Interviewee ID: 990567
Parent's name: Horol
Year of Birth: 1921
Occupations: retired / worker
Notes on education:
Born in: Tögrög sum, Govi-Altai aimag
Lives in: Yosonbulag sum (or part of UB), Govi-Altai aimag
Mother's profession: herder
Father's profession: herder
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Summary of Interview 100809A with Lhasran by Sarantsetseg
Lhasran guai was called to military service in 1942 and he took part in Word War II. The 7th and the 8th divisions of Matad liberated the Chinese city of Jehol. When they passed through Inner Mongolia, the Inner Mongolian steeds had poor strength though they were fat and they couldn’t outrun the Mongolian horses. The military provision was good only in the border units. It was a time when only military schooling was taught in the army, and if you disagreed with the dargas you could be considered a counter-revolutionary. There was a person who dropped a picture of a minister on a nail and so become a counter-revolutionary.
When Lhasran guai was a child, many ‘ails’ lived in one place. The lamas were all arrested and there were very few who came back. When burying the dead, they were put out in the open. Men were put facing west and women facing east, and a has (Buddhist swastika) was drawn under a hadag and laid underneath. They were put in areas without mouse holes.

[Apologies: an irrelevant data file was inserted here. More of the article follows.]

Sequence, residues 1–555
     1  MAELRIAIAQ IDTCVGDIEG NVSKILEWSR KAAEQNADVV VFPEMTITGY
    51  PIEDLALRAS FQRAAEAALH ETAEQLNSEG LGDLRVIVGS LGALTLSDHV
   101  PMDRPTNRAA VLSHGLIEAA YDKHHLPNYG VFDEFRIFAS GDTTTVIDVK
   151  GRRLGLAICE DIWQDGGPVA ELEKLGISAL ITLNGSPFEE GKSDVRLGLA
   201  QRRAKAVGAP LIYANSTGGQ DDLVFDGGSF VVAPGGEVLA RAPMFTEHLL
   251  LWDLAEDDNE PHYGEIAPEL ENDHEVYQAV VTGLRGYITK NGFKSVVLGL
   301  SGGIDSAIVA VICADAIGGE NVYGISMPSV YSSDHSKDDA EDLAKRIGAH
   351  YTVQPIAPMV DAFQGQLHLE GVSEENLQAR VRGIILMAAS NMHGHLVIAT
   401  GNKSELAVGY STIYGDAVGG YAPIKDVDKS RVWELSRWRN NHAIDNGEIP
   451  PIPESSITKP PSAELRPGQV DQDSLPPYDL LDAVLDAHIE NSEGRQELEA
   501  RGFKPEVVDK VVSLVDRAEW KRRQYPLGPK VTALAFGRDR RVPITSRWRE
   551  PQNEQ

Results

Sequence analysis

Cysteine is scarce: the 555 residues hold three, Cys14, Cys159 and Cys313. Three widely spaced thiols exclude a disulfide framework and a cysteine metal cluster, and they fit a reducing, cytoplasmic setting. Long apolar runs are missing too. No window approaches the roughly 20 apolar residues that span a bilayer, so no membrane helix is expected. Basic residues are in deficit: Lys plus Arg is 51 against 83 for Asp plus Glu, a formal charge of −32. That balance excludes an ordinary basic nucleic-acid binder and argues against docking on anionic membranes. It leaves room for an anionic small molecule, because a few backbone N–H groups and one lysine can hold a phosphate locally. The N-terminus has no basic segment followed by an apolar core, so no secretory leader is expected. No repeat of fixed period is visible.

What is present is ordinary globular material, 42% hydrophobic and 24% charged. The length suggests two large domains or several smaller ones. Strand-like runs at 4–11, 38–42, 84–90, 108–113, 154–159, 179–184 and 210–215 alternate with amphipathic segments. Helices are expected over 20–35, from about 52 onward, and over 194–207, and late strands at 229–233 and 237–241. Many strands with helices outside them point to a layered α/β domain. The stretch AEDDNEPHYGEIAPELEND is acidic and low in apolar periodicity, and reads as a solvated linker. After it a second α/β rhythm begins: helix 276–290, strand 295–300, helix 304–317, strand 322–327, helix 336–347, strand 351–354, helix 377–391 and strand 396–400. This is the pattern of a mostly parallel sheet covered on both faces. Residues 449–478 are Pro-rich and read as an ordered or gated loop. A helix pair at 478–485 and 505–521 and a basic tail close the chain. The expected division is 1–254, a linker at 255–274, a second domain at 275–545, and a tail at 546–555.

During the cultural campaign the clothes and the footwear were inspected very accurately.
Concerning the collectivization, Lhasran guai said that at first communes were founded and the livestock were confiscated and given to the poorest. Then a collective farm was established and later it was disbanded giving the livestock back to their owners and at the end the collective was established. Thanks to the collectives the difference between the rich and the poor was eliminated but later because of privatization this balance was lost.
Lhasran guai worked as a courier in the collective and he distributed the 'Party Truth’ and ’Labor’ newspapers. The trade provision brigade tanned cow leather and skins, making footwear and hats. Later, when a man named Behdorj founded a factory, he administered it.
Concerning privatization, they couldn’t distribute the livestock evenly, giving it back to the owners. And people who lived in settlements were left empty-handed.
He said that he had observed that nature had changed greatly becoming either too cold or too hot.